Behind all of this commotion are day traders, those creatures of the dot-com era. Mutual funds and other institutions have mostly abandoned Fannie Mae, as well as shares of its cousin Freddie Mac. The big money has ceded the marketplace to individuals who are bold enough, or perhaps foolish enough, to gamble on these stocks for a few hours.
Just don’t hold Fannie Mae too long, Mr. George advised. He predicted the stock would eventually fall to zero. It is difficult to know what other analysts think, since Mr. George is just about the only one who still covers Fannie Mae’s stock. His recommendation is an understated “underperform” — Wall Street code for sell.
“It’s not really a stock anymore — everyone knows this is going to zero,” he said.
Well, not everyone, at least not right away. But the running interest in Fannie Mae’s stock might seem surprising, considering that this company was the Titanic of the mortgage market. During the bubble years, Fannie Mae and Freddie Mac bought up so many toxic mortgages that the government was forced to take them over. Their stock prices promptly plunged.
The federal government today owns almost 80 percent of Fannie and Freddie, and few people, in Washington or on Wall Street, seem to know what to do with them.
Despite the trading frenzy, Fannie and Freddie have become pariahs. Most big investors won’t touch them. As of March 31, Fannie’s shareholders included two big money management companies, the Vanguard Groupand BlackRock. But together they owned a mere 1.2 percent of the company, a pittance given the size of those investment companies.
Big institutions typically sell if a stock price sinks below $5. Fannie Mae has not traded that high in two years. Last month, both Fannie Mae and Freddie Mac were ignominiously tossed off the New York Stock Exchangebecause their share prices had languished below $1 for more than 30 days straight.
And so the once-mighty Fannie Mae and Freddie Mac have been banished to OTC Bulletin Board, home to lowly penny stocks and thinly traded “microcap” companies. As the Securities and Exchange Commission says in its guide for investors: “Investors in penny stocks should be prepared for the possibility that they may lose their whole investment.”
The question of what to do with these troubled giants vexes policy makers and bankers alike. Together, Fannie Mae and Freddie Mac own or guarantee roughly half of the nation’s $11 trillion home mortgage market. The new overhaul of financial regulation did nothing to address the companies, even though they played a central role in inflating the housing bubble.
The Obama administration plans to hold a conference on the future of housing on Aug. 17 to seek advice about reforming the rules governing mortgage finance. The goal is to deliver a proposal to Congress by January.
What that proposal will say is anyone’s guess. Fannie and Freddie’s harshest critics want the companies shut down. But even banking executives concede that, for now, the federal government will probably have to play some role in mortgage finance, given the industry’s dependence on Fannie and Freddie.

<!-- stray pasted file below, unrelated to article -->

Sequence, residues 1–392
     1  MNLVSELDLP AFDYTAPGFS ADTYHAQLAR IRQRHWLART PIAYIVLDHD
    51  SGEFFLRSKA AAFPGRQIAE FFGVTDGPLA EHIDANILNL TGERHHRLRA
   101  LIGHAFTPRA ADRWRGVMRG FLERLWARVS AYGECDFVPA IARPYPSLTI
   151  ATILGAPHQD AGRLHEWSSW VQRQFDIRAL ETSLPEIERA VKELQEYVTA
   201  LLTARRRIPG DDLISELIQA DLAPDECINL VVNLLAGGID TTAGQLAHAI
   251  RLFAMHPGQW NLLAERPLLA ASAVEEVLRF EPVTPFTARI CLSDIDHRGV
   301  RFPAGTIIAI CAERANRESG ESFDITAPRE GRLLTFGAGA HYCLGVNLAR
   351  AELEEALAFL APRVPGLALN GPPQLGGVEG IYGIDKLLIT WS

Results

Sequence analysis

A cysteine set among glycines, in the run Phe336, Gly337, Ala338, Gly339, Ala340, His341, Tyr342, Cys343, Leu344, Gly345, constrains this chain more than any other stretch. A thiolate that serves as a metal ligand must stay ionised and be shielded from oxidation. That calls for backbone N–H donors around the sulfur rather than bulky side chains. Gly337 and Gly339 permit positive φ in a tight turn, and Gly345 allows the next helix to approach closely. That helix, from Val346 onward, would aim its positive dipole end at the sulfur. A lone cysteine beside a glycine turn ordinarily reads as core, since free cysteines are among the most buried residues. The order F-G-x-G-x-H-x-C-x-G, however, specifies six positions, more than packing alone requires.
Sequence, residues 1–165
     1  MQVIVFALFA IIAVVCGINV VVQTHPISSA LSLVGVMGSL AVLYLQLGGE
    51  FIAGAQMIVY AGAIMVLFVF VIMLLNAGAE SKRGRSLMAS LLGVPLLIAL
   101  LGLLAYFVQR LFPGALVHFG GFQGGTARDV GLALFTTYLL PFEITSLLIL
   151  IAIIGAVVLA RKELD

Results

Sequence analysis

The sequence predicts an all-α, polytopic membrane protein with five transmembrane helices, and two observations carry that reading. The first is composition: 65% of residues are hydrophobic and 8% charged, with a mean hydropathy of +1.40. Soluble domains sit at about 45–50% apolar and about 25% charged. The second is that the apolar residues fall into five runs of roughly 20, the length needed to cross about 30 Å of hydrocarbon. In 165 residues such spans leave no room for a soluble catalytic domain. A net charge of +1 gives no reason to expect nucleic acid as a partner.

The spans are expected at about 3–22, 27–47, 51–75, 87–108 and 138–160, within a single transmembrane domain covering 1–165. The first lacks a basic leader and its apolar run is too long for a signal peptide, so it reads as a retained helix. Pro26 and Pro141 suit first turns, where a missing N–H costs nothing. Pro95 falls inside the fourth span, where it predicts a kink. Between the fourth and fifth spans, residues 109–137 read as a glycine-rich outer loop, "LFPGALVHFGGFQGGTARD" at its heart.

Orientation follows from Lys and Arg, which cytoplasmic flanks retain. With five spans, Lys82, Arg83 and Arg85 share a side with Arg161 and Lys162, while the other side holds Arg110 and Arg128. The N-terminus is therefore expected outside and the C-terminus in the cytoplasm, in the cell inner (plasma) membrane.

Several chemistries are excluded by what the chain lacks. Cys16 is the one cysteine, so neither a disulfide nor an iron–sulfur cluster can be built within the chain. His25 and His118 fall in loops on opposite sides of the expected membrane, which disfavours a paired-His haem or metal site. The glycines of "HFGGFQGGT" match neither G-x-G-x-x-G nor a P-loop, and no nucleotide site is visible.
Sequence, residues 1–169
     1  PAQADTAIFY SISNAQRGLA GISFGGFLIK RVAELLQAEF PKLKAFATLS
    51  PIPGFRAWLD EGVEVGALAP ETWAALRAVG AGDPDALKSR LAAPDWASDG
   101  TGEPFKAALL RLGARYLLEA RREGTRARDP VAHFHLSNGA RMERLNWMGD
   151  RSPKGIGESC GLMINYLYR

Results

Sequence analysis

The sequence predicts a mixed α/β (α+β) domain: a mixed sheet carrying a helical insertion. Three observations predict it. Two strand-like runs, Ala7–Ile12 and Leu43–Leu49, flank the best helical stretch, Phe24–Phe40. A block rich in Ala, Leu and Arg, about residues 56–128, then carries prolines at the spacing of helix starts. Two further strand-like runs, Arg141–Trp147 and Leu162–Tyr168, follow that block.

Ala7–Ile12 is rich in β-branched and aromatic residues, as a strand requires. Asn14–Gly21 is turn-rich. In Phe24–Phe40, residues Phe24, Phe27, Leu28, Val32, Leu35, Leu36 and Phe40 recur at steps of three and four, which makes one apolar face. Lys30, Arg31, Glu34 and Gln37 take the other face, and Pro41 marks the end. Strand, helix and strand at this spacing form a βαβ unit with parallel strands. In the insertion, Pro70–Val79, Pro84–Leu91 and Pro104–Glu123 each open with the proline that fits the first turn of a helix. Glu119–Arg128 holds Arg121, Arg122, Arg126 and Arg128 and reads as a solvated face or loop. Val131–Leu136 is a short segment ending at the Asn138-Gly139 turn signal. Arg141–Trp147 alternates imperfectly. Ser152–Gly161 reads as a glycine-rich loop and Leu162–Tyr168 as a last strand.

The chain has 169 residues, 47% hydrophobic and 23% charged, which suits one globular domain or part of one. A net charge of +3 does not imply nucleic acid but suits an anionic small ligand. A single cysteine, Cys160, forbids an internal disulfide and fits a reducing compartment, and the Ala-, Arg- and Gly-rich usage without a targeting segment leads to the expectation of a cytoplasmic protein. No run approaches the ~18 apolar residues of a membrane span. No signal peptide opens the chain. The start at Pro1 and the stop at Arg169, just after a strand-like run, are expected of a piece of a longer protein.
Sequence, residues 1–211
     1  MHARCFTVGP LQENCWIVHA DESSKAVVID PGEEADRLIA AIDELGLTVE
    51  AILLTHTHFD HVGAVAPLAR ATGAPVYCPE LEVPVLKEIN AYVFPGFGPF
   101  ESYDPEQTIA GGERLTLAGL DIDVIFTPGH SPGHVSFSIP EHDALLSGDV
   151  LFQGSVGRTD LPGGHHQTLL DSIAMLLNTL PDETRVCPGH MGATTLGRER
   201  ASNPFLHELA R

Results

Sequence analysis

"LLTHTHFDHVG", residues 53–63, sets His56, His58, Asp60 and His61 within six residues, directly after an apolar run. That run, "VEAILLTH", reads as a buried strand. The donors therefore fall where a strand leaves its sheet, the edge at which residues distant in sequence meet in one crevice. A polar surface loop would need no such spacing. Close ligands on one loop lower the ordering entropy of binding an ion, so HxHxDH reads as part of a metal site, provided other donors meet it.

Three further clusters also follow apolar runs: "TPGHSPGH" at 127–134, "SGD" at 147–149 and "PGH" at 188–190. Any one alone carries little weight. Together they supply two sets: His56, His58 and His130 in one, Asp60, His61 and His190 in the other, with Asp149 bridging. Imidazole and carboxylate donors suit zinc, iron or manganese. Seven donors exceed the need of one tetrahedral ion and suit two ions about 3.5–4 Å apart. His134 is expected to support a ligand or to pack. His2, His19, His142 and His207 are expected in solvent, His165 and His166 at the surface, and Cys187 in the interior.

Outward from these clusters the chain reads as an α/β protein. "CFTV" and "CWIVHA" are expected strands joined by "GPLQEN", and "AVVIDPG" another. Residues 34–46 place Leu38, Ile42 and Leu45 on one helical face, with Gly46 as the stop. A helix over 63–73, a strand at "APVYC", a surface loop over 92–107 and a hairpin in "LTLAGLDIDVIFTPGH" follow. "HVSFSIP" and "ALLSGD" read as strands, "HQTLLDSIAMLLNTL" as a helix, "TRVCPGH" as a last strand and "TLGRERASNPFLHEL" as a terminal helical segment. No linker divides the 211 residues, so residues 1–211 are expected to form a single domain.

“The fundamental problem with Fannie and Freddie is that no one really knows what to do with them,” said Bert Ely, a financial and monetary policy consultant based in Alexandria, Va., and a longtime critic of the companies. Until Washington comes up with answers, the day traders will no doubt try to ride the swings in Fannie Mae and pocket some more pennies while they still can.
You Made More This Year Than Fannie Since 1970: Chart of Day
2010-08-05 04:00:15.0 GMT
By Brendan Moynihan
Aug. 5 (Bloomberg) -- House Financial Services Committee Chairman Barney Frank, who begins drafting legislation next month to overhaul Fannie Mae and Freddie Mac, said in 2003 the mortgage companies were "financially sound." How wrong was he?
The CHART OF THE DAY shows Fannie Mae’s cumulative profit since going public in 1970. In 2008 alone, the company lost $58 billion, erasing its cumulative profit as a publicly traded company. In 2009, it lost $72 billion more.
Frank’s challenge will be to create an entity that serves the goal of making housing more affordable without the conflict of interest of being driven by shareholder returns.
Republicans may highlight Frank’s past support for the government-sponsored agencies. The Massachusetts Democrat said seven years ago of Fannie Mae and Freddie Mac: "We see entities that are fundamentally sound financially and withstand some of the disaster scenarios. . ." and ‘‘I want to roll the dice a little more in this situation towards subsidized housing.’’
The government-backed mortgage giants were placed in conservatorship in September 2008 and are now 80 percent owned by U.S. taxpayers. They own or guarantee more than half of the nation’s $11 trillion in residential mortgages. Fannie Mae and Freddie Mac have an unlimited line of credit from the government and have so far cost U.S. taxpayers $145 billion, more than American International Group Inc.
--Editors: Chris Nagi, Nick Baker
To contact the reporter on this story:
Brendan Moynihan in Brentwood, Tennessee, at +1-312-519-5372 or firstname.lastname@example.org.
To contact the editor responsible for this story:
Nick Baker at +1-212-617-5919 or email@example.com.
Bad Debts Rise As Bust Erodes Home Equity
2010-08-12 07:51:55.657 GMT
By DAVID STREITFELD; John Collins Rudolf contributed reporting.
Aug. 12 (New York Times) -- PHOENIX -- During the great housing boom, homeowners nationwide borrowed a trillion dollars from banks, using the soaring value of their houses as security.